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EXTENDED MISSION
THE RIGHT IRAQ TIMETABLE
by Amir Taheri
New York Post
July 5, 2006

July 5, 2006 -- IF all goes well, a contact team working for Iraqi Prime Minister Nouri al-Maliki will soon meet a delegation of clerics and former military men representing the Arab Sunni insurgency.

On the agenda will be an end to the insurgency in exchange for a package of promises by the government, including partial amnesty for the armed rebels. The insurgent groups' key demand: Set a timetable for the withdrawal of the U.S.-led Coalition's troops. They suggest a two-year period, over which all Coalition troops would leave.

There is no doubt that a majority of Iraqis want foreign troops to leave. Yet it is equally clear that the same majority does not want a precipitous withdrawal.

The reasons are not hard to fathom. New Iraq is not in a position to protect itself against its predatory neighbors. And the Coalition still plays a useful role as an arbiter among Iraqi political forces and religious and ethnic communities engaged in building the new system. More important, perhaps, is that the Coalition's commitment to new Iraq is the surest signal to the insurgents and their non-Iraqi terrorist allies that they can't reverse the process of democratization and restore despotism in the name either of Islam or of pan-Arabism.

The Coalition is present in Iraq under a U.N. Security Council resolution passed at the end of 2003 and designed to highlight international support for the creation of a democratic regime in Baghdad. The U.N. mandate - which expires in December - was necessary because, at the time the resolution was passed, Iraq had ceased to have a sovereign authority. But now Iraq has regained its sovereignty; any demand for extension must come from the Iraqi government.

It is almost certain that the new Iraqi parliament and government will seek an extension. Some are calling for a two-year extension, which coincides exactly with the demand of the insurgent groups. Others want a one-year extension, with the option for renewal.

The issue of the Coalition's presence, however, is not one that the Iraqis can settle on their own - for the Coalition won't necessarily dance to whatever tune the Iraqis might play.

Its membership has already shrunk from 41 nations in 2003 to 32 today and may drop further when others, including Italy and Japan, withdraw their troops before the U.N. mandate ends. What matters, however, is the attitude of the United States, the Coalition's key member and leader.

Ideally, the Coalition would remain in a state of high-profile commitment, including a military presence (albeit on a reduced scale), for at least another four years. That period would allow Iraq to hold its second democratic general election under its new constitution.

Because the next election will be held under a new electoral law, it will offer a clearer political portrayal of post-Ba'athist Iraq in its diversity. At the same time, four years is the minimum required for new institutions to be completed and at least partially tested, and for the new democratic culture to strike deeper roots in society.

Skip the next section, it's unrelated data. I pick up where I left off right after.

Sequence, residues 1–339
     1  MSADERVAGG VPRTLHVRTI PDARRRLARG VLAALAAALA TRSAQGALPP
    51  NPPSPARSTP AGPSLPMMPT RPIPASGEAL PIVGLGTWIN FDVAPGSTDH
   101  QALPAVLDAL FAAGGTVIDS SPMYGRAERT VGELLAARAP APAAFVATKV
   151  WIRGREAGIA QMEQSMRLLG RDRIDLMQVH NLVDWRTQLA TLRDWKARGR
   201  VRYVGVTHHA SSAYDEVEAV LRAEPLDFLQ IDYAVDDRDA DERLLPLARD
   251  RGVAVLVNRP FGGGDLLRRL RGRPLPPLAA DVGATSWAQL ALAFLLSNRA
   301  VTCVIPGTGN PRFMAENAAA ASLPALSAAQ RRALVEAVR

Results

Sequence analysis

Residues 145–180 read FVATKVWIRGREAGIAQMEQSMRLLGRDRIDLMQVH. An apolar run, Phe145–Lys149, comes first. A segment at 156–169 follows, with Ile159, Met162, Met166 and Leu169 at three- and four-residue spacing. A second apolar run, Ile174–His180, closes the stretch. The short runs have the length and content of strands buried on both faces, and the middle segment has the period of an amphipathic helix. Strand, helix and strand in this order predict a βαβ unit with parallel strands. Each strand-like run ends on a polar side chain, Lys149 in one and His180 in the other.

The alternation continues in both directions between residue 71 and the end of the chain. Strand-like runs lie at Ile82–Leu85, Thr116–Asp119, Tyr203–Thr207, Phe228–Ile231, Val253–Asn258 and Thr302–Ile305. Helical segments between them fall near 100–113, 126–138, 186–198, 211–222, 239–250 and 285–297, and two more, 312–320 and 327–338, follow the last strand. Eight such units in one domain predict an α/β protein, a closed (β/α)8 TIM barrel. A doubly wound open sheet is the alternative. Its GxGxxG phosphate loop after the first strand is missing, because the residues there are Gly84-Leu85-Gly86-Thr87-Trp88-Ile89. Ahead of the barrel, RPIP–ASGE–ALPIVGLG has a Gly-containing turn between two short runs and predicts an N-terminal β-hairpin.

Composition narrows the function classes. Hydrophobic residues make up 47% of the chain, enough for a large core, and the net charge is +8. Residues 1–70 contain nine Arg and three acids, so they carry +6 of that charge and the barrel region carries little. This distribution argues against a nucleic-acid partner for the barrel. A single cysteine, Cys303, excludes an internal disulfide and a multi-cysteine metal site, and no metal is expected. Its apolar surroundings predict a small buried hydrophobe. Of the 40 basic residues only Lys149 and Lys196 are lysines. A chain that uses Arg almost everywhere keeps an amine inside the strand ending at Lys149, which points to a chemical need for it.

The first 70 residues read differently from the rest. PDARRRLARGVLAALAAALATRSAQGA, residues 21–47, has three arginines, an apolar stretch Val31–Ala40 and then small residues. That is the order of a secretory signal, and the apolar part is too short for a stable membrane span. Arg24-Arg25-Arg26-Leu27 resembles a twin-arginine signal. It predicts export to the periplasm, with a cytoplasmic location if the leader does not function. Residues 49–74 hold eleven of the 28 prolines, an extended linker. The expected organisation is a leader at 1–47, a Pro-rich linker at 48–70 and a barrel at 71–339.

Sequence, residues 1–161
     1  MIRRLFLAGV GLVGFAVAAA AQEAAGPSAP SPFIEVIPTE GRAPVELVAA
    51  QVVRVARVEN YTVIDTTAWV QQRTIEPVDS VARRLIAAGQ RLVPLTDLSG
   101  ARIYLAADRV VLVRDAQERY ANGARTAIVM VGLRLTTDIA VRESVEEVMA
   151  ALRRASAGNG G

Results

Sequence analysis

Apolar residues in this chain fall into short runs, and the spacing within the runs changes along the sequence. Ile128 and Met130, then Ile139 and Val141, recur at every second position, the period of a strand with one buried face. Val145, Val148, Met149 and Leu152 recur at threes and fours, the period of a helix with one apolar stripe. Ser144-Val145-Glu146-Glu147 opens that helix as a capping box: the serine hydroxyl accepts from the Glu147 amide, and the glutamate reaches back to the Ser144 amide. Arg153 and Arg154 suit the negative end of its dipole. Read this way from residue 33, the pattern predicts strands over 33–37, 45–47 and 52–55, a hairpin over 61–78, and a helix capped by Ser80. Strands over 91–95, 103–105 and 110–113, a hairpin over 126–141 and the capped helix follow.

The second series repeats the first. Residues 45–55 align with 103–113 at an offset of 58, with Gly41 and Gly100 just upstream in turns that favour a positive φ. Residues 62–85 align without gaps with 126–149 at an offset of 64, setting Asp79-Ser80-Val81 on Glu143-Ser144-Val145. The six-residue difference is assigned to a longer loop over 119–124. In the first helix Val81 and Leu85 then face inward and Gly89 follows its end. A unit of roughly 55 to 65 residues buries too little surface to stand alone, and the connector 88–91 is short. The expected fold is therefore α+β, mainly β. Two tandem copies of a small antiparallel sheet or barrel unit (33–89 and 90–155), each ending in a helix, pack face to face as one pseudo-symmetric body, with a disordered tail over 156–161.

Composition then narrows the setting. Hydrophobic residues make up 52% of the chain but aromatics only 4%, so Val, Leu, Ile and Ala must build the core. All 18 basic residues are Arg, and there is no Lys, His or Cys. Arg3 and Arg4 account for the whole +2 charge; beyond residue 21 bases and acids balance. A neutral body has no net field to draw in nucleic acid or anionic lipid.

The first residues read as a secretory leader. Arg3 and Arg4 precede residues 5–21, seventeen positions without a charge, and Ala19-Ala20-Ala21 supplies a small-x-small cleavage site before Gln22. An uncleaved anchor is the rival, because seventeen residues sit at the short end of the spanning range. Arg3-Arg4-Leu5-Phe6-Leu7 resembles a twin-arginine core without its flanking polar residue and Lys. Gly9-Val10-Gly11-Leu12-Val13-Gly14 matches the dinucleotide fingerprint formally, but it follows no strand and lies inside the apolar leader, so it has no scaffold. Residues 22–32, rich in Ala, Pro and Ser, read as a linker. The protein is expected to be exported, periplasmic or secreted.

To prevent the Coalition's extended presence from a domestic political football in Baghdad or Washington, a number of steps are needed.

First, Maliki must take the issue to the Iraqi National Assembly and secure as big a majority as possible for allowing his government to negotiate the extension of the Coalition's military support. Next, he must negotiate a new deal with the Coalition. It would then be President Bush's turn to take the new package to the American people and Congress and build a broad coalition in support of Iraqi democracy.

The next step would be for the United States and key allies, notably Britain, to join Iraq in taking the issue to the Security Council and seek support for a new, hopefully more broadly based, and reorganized Coalition.

Such a scenario would enable many countries that stayed out of the Coalition for various reasons to join as part of a new international endeavor to support a member of the United Nations in rebuilding the structures of its statehood. The Arab states could end their undeclared, though no less patent, boycott of new Iraq with, at least some, even joining the new U.N.-mandated Coalition. India, Indonesia, Malaysia, Pakistan and even a number of European countries that stayed out of the original Coalition that liberated Iraq might agree to join the new one.

If the liberation of Iraq from Ba'athist rule was a mainly Anglo-American enterprise, it is important that the building of a new Iraq becomes an international endeavor. Iraq is off to a good start, but not yet out of the woods. The international community, especially the United States and its Coalition allies, should give Iraq the help it needs for a few more years.

Iranian author and journalist Amir Taheri is a member of Benador Associates.

 

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